Dyker Heights

Community Board 10 wants tighter control over Dyker Christmas lights

Neighborhood leaders thinking ahead to holiday traffic

July 14, 2017 By Paula Katinas Brooklyn Daily Eagle
Tourists flock to Dyker Heights every year to take in the delightful Christmas displays, like this giant Santa Claus, that homeowners install outside their houses. Eagle file photo by Lore Croghan
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For most, July is way too early to start thinking about Christmas. But not for Dyker Heights officials and civic leaders, who are planning ahead to ensure that the holiday lights display that attracts thousands of tourists to the neighborhood doesn’t get out of hand this year.

Local officials are seeking tighter control over the extravaganza so that traffic can flow smoothly through the streets and residents don’t have major headaches dealing with the influx of visitors.

The holiday lights display stars homeowners living in the area of Dyker Heights that stretches from 11th to 14th avenues and between 82nd and 86th streets. The homeowners proudly mount enormous, eye-catching, colorful, imaginative holiday displays on their front lawns with thousands of twinkling lights, inflatable Santas, giant nutcrackers and sweet snowmen.

Every year, from early December to just after the New Year, Dyker Heights streets become clogged with tour buses, cars and pedestrians all eager to get a look at the famous Christmas displays.

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Gearing up for the 2017 Christmas season, Community Board 10 and leaders of the Dyker Heights Civic Association are seeking stricter regulations for the monthlong happening.

At a recent community board meeting, Jaynemarie Capetakanis, chairperson of the board’s Traffic and Transportation Committee, said it might be necessary to obtain a special permit from the city’s Street Activity Permit Office (SAPO) to make the Dyker Heights Holiday Lights Display a “street event.”

“This would enable the community to get more restrictions on vending, more police presence, an agreement on the timing of the lights, prevent sound permits for DJs, enforce parking restrictions, create designated tour bus drop-off sites and ensure that all fundraising is disclosed,” Capetanakis wrote in a report to the community board.

Dyker Civic Association President Fran Vella Marrone told members of Capetanakis’ committee that changing the designation so that it is officially recognized as a street event would help make the holiday happening safe and fun for everyone, tourists and residents alike.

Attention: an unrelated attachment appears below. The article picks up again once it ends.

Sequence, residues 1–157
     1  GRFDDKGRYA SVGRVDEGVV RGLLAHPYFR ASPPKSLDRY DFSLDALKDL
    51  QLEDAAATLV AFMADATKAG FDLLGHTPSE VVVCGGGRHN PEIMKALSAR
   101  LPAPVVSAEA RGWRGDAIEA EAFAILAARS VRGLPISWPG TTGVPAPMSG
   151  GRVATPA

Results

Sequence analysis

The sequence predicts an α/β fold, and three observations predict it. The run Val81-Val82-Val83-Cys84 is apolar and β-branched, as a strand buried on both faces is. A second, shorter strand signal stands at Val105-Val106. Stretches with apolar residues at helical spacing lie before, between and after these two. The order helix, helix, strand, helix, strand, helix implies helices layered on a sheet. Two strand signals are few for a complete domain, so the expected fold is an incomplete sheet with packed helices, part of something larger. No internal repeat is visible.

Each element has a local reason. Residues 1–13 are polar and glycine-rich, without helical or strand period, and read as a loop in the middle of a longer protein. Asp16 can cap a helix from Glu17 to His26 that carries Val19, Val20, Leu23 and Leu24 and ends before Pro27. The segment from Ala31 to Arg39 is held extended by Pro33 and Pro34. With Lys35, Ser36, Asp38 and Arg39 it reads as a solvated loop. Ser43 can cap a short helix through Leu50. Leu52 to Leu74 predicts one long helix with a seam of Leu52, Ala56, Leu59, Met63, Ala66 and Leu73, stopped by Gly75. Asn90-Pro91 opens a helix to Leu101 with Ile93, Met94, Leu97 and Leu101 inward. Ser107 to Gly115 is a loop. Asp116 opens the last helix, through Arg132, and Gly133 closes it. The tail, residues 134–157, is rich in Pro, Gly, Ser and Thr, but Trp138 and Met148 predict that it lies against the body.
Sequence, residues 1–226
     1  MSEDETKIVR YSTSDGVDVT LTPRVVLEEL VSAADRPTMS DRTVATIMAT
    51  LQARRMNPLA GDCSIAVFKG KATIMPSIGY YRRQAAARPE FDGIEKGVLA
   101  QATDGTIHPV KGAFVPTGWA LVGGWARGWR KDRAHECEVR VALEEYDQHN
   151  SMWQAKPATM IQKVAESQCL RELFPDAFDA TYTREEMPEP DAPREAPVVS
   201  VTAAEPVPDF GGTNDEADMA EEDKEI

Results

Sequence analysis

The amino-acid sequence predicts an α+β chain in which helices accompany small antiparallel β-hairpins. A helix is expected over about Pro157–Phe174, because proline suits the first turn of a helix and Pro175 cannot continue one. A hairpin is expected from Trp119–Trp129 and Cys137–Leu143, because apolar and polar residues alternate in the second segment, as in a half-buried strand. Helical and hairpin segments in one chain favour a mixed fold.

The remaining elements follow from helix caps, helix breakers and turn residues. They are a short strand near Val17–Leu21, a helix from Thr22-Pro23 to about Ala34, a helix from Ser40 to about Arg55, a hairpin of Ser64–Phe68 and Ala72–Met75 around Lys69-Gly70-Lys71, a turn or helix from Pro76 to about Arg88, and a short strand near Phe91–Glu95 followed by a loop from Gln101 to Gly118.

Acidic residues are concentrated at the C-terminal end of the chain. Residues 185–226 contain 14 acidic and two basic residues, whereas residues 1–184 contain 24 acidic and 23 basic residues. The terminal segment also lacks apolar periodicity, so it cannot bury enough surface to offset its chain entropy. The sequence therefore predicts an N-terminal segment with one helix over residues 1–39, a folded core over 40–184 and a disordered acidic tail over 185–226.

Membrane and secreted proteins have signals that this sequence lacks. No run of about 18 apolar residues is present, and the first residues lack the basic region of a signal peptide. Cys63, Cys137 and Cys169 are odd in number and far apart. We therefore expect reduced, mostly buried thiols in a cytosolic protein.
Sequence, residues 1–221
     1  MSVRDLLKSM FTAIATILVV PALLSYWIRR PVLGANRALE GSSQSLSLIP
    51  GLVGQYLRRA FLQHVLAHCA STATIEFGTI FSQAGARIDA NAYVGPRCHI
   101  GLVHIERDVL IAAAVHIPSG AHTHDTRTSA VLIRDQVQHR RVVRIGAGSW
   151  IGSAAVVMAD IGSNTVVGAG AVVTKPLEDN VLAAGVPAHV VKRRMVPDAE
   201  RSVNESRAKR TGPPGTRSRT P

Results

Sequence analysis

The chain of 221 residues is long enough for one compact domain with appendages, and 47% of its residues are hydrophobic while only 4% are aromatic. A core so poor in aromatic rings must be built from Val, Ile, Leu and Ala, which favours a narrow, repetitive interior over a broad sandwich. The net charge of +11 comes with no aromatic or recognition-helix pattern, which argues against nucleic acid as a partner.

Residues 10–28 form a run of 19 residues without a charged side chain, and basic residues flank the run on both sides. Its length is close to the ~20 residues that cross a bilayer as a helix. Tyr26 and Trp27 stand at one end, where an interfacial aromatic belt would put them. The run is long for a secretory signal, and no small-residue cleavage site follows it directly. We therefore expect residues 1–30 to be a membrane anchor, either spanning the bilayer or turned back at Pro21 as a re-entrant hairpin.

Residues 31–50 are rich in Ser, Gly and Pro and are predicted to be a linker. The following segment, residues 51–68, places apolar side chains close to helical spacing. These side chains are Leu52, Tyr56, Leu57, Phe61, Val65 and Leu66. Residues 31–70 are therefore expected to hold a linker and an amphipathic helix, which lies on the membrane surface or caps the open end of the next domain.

In order to gauge community response, the civic association mailed notices to residents and held two meetings this year, including one session in January that 50 residents attended. The mailing that was sent out contained a ballot that residents were invited to fill out and mail back. Notices were sent out to 530 residents. And 127 residents responded. Of the 127 residents, 125 said they were in favor of the holiday lights display becoming a street event, Capetanakis said.

Under city regulations, all applications for street events must come to the local community board for review. That would give Community Board 10 more of a say in how the holiday lights display unfolds.

The timeline for the street event permit would be from Dec. 1 to Jan. 3, according to Capetanakis.

The proposal to seek a street activity permit comes after a controversy that erupted over the holiday display during the 2016 holiday season.

Last year, in an effort to control traffic, the city prohibited parking on 86th Street to allow tour buses to park there. The restrictions, which banned parking on two blocks along 86th Street, were in effect on Thursdays through Sundays from 5 to 11 p.m. during the month of December.

But the effort was sharply criticized by local residents who complained about losing parking spaces for their cars.

Community Board 10 District Manager Josephine Beckmann told The New York Times that the parking restrictions were put in place in the interest of safety. In past years, according to Beckmann, the traffic situation reached dangerous levels due to the large tour buses navigating Dyker’s residential streets.

“It was gridlock. Residents in the viewing area were very concerned. And it wasn’t safe,” Beckmann told the Times.

 


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